Rather, it was in response to a decade of steady expansion. Starting out in 2008 as a small medical communications shop, MEI had grown into a full-service firm with 120-plus people on hand and a talent for priming potential markets in advance of brand and indication launches.
“If you go back over the past five years or so, we’d been ahead of the curve in terms of traditional peer-to-peer marketing in the medical communications space,” Herrmann recalls. “We’d kept our heads down and expended our resources on client work.”
In other words, MEI hadn’t done much work on itself. So toward the end of 2017, the agency spruced up its web presence and ran itself through the type of brand-refresh exercise it often conducts on behalf of its clients. “We were overdue for a rebrand across the board,” Herrmann says.
In its wake, MEI reemphasized the agency’s across-the-board capabilities and especially its upgraded medical strategy offering. “This has always been a focus for us, but we view it as more important than ever,” Herrmann says, adding most people in the company immediately saw the value of the effort: “We learned not to assume that doing something such as this wouldn’t have an impact. It was a huge eye-opener for me personally.”
As for client work, Herrmann says the agency will direct three launches in three distinct therapeutic categories by next April. He’s most enthusiastic about work with a biotech (that, alas, he declines to name) that has developed a treatment for a rare and serious lymphoma.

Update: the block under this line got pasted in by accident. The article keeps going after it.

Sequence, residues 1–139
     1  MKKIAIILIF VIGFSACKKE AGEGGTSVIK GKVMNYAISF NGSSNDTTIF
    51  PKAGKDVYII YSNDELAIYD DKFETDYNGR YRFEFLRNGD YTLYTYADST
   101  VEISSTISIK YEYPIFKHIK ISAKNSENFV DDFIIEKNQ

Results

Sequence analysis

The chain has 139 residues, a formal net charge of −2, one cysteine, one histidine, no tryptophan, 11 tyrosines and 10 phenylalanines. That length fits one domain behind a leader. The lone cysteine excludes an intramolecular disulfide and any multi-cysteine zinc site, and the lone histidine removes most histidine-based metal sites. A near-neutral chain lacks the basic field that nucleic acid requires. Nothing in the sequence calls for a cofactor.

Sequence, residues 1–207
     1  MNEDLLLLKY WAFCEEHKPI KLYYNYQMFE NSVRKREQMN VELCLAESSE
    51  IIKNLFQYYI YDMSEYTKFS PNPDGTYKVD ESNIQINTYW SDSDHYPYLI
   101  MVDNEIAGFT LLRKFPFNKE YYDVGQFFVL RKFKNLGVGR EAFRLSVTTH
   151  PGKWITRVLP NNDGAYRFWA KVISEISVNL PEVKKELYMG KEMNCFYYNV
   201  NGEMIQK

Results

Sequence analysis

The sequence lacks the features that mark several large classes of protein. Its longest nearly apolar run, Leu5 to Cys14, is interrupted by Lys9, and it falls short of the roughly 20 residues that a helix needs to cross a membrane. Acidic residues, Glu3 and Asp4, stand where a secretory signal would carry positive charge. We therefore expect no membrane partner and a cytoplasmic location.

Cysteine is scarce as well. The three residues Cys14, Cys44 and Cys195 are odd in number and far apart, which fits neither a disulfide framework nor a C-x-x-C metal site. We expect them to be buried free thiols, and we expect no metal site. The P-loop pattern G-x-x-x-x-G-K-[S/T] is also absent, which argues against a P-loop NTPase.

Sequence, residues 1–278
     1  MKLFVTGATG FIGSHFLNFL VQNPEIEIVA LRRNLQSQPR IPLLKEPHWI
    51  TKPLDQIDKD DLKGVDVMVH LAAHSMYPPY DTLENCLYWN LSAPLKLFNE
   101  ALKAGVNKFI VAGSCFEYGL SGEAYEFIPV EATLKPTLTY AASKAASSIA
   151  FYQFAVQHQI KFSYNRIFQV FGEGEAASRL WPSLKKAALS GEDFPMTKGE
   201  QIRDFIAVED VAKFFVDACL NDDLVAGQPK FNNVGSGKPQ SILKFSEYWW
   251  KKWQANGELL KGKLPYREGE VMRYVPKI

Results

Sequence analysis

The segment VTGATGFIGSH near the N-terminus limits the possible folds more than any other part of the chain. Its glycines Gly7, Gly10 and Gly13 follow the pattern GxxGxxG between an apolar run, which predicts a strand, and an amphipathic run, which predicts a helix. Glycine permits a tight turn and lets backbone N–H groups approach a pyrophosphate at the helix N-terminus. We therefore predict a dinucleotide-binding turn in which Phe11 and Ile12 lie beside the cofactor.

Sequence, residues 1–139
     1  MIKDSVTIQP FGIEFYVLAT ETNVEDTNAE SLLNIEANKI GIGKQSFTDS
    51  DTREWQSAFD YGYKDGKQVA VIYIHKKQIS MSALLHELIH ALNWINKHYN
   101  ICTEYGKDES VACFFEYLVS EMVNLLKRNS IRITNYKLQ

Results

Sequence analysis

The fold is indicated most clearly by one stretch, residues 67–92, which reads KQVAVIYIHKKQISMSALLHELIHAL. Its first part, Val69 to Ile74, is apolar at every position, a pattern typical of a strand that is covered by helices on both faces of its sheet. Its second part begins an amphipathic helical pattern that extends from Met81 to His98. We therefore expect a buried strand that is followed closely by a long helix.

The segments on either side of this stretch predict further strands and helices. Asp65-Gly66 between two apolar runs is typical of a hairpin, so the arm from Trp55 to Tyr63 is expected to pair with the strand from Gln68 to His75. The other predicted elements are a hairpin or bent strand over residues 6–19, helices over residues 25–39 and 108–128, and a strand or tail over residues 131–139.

“We were in the room when there were literally just two commercial people. They didn’t know what they needed,” Herrmann explains. “We identified the right people for them to engage with and crafted a complex clinical story that could be ingested at the treater level.” The drug is set to launch before the end of Q3 2018.
That’s on top of the three new assignments Herrmann reports the firm added during the first half of 2018. Client mainstays for the agency include Jazz Pharmaceuticals, Agios Pharmaceuticals, and Mylan.
“We’re not afraid to roll up our sleeves and jump into a situation,” Herrmann says. “We’ll speak our minds and defend our position, even if it may not be initially agreeable.”
Look for MEI to pursue “opportunistic growth” in the months ahead, rather than shoot for a specific number of new assignments or increase staff size by a finite number.
“We try to have a view that we’re looking to have a good decade, not a good month or quarter,” Herrmann explains. “If we’re doing great work and exceeding client expectations, the opportunities will follow.”